Both sides of the debate on a school-choice law passed by the 2015 Nevada Legislature came away optimistic from the pointed questions asked Friday during two state Supreme Court hearings over the controversial measure’s constitutionality.
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Hundreds crowded downtown’s Regional Justice Center Friday morning, hoisting signs and chanting as attorneys prepared to deliver oral arguments in a pair of controversial school choice lawsuits before the Nevada Supreme Court.
Sparks flew between a Clark County School Board member and a top Republican lawmaker in the closing moments of a town hall meeting Thursday to gather feedback on a plan to reorganize Nevada’s largest school district.
A Clark County School District student wrote to View Neighborhood Newspapers, saying, “I’m writing this directly to parents because I don’t think writing essays at school, or putting up posters, or attending assemblies about bullying is working.”
Walking around Henderson, Sue Smuskiewicz is reminded of the legacy her husband, Dennis Leonard Smuskiewicz, left behind. For 31 years, Dennis taught, coached, tutored and mentored students at Basic High School, 400 Palo Verde Drive.
If there’s anything supporters and critics of school choice can agree on, it’s the likelihood that a pair of state Supreme Court hearings on Friday will have an impact on public education beyond Nevada’s borders.
By a vote of 4-0, the trustees present at the Wednesday meeting agreed to wait until the entire board convenes for an Aug. 3 work session before they make a final decision that will impact the health, dental, vision, life and disability insurance benefits for nearly 12,000 employees.
A three-day camp held July 21-23 at UNLV helped 50 carefully chosen incoming high school freshmen decide if a career in the medical field was right for them.
Back to school is around the corner and new backpacks, school supplies and school uniforms are needed for children in the care of Clark County’s Department of Family Services.
The study, released Monday by personal finance website WalletHub, ranks 150 metropolitan areas based on quality of local schools and the number of adults with high school, college and professional degrees.
Graduation rates in Clark County and across the state have risen over the past few years, raising questions about the value of high school diplomas if students can’t succeed in college.
Standing in blue scrubs and facing a packed UNLV auditorium Saturday, 50 students just a few weeks from entering high school explained medical terminology and analyzed scans aloud.
Eight town hall meetings will be held over two weeks beginning July 28 to provide input into the proposed plan to reorganize the Clark County School District.
A lawsuit against the Clark County School District and the Mack Middle School teacher’s assistant accused of sexually assaulting an autistic student is heading to federal court.
The Clark County School District had 700 vacancies on June 3, but that number has dropped to 370, according to district officials, who acknowledged that most of the remaining openings were special education positions.
After more than 30 years, the University of Nevada, Reno School of Medicine will break most of its Southern Nevada ties as it undergoes a redevelopment plan.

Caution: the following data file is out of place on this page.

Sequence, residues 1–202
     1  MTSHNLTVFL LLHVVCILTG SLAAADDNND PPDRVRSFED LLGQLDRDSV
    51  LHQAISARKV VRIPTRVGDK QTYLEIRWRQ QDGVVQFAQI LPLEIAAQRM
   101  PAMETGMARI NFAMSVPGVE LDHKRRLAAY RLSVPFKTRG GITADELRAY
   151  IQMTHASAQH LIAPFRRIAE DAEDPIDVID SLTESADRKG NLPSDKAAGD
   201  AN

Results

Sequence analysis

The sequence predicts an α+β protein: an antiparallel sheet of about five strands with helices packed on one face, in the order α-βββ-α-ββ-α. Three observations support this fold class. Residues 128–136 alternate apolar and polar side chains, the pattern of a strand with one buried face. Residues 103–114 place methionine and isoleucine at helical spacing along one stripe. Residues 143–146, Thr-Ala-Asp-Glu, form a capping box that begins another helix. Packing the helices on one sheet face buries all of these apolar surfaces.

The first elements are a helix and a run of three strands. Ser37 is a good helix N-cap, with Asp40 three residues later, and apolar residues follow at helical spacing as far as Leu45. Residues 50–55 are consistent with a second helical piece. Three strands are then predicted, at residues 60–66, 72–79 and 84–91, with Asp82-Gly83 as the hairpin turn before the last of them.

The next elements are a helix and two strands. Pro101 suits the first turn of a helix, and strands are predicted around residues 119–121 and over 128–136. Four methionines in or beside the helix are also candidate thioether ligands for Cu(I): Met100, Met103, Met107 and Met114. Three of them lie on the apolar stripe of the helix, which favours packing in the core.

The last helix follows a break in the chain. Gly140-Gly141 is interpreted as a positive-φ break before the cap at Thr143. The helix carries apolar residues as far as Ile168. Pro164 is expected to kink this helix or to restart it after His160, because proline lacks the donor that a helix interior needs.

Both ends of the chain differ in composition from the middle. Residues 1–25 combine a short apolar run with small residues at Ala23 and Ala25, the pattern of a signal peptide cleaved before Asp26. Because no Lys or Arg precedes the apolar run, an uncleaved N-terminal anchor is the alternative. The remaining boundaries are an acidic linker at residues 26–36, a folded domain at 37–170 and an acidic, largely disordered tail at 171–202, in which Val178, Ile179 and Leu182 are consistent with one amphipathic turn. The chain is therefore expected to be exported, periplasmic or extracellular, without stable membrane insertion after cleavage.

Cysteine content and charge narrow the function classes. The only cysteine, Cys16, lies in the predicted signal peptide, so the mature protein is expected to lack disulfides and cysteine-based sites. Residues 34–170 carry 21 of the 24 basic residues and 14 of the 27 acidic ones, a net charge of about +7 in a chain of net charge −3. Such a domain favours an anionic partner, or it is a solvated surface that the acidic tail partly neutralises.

At 72 and with 50 years of teaching already under her belt, Cortez Elementary teacher Chelita Clinkscale has no plans to abandon her students just yet.
Justin Gilbert, 17, of Summerlin has been named the Battalion Commander of the 129th Corps at St. John’s Military School in Salina, Kan. The rank is the highest position a senior cadet can attain at the private school.
The United States is known as the land of opportunity for immigrants who escape the harsh conditions of their native countries and hope to pursue a better tomorrow. Yet the country that was founded by immigrants has also turned its back on them with harsher immigration laws and barriers on higher education.
Ayele Amavigan was never supposed to get out of her village in Togo, a small country in West Africa. The odds were against her. But in 2013, the Spring Valley resident received her doctorate in education from Nova Southeastern University. It was a monumental achievement for someone who started school at 9 years old with limited resources.
When you want to engage students in history, give them a little mystery. That’s what Summerlin resident Kay Moore does every time she writes a book for young people. An educator before retiring in 2013, she knows how to bring that spark to a young person’s eye with tidbits from history. Her first two books were published by Scholastic as part of its “If You Lived” series. Besides being used in schools, her books are sold in gift shops at historical sites. Each has sold over 700,000 copies, and both are in second printings.
One could easily assume that growth in Summerlin’s population has exploded after learning that three new schools, which will eventually accommodate more than 4,000 students, will be opened in the community within the next couple of years.
The Nevada Department of Education announced Tuesday that it received the award from the U.S. Department of Education through its School Improvement Grant program.
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